In Trading Volatility by Bennett, he says:

If there is a sudden decline in equity markets, it is reasonable to assume realised volatility will jump to a level in line with the peak of realised volatility. Therefore, low-strike, near-dated implieds should be relatively constant (as they should trade near the all-time highs of realised volatility). If a low-strike implied is constant, the difference between a low-strike implied and ATM implied increases as ATM implieds falls. This means near-dated skew should rise if near-dated ATM implieds decline (see Figure 103 above).

Doesn't this imply that there is a positive spot-skew correlation? When equities fall, we expect the low-strike implieds to remain relatively constant. However, ATM implied volatility usually goes up when equities fall. Therefore, the difference between low-strike implies and ATM implies will decrease as ATM implies rises (as it does when equities decline).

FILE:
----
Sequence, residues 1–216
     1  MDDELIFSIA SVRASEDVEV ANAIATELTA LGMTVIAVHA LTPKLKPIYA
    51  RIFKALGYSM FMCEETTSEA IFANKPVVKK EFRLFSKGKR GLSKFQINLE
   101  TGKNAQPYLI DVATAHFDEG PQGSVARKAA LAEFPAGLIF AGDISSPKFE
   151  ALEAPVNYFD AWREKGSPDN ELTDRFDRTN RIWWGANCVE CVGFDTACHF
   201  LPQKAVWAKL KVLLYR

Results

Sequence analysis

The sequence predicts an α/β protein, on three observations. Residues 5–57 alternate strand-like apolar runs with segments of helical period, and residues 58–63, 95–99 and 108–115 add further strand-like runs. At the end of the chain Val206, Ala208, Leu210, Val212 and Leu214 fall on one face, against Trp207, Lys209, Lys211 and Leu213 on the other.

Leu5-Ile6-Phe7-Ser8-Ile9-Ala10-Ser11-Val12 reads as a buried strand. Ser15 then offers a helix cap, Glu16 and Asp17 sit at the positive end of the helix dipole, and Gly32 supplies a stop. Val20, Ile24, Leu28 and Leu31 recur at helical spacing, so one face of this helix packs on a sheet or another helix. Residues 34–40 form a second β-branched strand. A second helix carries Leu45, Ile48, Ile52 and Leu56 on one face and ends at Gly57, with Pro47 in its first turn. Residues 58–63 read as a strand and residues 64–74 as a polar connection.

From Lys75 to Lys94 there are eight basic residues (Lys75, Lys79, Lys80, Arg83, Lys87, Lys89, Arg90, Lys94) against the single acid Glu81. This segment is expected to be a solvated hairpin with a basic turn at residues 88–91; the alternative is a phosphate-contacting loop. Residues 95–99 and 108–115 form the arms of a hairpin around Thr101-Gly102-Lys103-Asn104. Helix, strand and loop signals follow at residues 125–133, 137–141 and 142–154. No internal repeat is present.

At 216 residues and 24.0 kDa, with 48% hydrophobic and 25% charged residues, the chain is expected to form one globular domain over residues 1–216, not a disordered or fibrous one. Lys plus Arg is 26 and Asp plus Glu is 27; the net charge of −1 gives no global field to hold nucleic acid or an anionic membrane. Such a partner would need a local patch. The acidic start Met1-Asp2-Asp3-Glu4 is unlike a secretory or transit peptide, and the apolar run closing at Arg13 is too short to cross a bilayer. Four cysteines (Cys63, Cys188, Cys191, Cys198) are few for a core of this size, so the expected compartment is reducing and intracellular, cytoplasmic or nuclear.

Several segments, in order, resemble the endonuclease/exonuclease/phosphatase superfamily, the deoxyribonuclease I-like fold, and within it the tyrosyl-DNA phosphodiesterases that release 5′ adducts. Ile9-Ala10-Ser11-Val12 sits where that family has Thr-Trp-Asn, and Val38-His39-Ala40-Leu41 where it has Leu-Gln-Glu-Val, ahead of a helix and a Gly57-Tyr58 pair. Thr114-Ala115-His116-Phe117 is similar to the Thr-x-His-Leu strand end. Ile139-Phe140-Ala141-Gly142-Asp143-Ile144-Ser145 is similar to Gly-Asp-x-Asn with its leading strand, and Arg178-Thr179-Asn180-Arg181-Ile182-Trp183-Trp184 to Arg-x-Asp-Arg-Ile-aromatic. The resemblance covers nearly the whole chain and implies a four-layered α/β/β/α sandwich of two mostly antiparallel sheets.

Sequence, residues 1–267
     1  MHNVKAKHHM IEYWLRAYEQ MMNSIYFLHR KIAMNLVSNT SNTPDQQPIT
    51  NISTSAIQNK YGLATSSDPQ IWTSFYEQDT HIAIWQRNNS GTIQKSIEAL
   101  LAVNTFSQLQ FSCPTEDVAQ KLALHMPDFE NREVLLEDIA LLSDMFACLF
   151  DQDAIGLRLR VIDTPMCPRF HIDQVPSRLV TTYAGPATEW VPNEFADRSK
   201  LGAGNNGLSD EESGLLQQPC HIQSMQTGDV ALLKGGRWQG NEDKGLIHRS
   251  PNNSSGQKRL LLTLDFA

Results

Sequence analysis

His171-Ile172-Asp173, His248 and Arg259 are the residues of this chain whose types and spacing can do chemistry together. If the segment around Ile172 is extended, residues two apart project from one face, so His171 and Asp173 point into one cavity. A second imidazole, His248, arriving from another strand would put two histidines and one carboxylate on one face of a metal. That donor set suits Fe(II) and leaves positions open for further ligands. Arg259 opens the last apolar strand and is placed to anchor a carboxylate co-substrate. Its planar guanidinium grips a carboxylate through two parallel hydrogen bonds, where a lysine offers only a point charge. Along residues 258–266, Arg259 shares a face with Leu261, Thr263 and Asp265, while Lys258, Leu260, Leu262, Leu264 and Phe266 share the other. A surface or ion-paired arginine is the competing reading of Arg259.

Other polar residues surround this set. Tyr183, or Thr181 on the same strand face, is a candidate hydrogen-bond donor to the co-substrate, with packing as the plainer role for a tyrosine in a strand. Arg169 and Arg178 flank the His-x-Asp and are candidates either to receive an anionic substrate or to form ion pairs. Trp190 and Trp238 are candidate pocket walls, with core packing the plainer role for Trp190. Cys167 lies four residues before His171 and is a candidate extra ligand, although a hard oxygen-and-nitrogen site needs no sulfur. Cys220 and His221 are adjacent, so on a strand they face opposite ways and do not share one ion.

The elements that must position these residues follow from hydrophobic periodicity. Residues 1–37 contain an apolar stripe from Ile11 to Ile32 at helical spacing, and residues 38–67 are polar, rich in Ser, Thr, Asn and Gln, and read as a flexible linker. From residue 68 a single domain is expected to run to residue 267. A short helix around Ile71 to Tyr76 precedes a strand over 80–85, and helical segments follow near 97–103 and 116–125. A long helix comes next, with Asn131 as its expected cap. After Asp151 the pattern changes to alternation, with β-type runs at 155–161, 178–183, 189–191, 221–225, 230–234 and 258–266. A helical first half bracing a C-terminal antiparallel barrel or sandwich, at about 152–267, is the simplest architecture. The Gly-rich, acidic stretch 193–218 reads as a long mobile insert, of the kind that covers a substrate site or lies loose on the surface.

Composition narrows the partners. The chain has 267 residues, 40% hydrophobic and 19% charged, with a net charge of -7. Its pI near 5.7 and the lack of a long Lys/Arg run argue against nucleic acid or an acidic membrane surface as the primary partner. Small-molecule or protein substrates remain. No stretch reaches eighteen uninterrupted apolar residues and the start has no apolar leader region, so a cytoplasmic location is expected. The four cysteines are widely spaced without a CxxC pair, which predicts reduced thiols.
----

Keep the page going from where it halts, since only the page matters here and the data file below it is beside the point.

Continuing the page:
1 Answer 1


The description by Bennett is not very clear, but the reference to the Figure 103 in the text at the end of the paragraph that you cite should resolve the issue.

Bennett is saying that once the sudden equity decline has happened and volatility falls subsequently, ATM implieds fall first with low-strike implieds being sticky. In the figure he is describing the situation when volatility falls, not when volatility rises initially.

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  • $\begingroup$ When you say "once the sudden equity decline has happened and volatility falls subsequently", by "subsequently", do you mean like "after vol first goes up (as it does when equities decline), and then after a while when it comes back down..."? $\endgroup$
    – Jerry Quin
    Commented Mar 17, 2023 at 16:17
  • $\begingroup$ Correct. He is using the example of a sudden equity decline, when volatility would settle subsequently. $\endgroup$ Commented Mar 17, 2023 at 16:30
  • 1
    $\begingroup$ He is using the example of a sudden equity decline [in 1 day, with volatility concomitantly rising], [and] volatility would settle subsequently [slowly, in the following days and weeks] $\endgroup$
    – nbbo2
    Commented Mar 18, 2023 at 6:00

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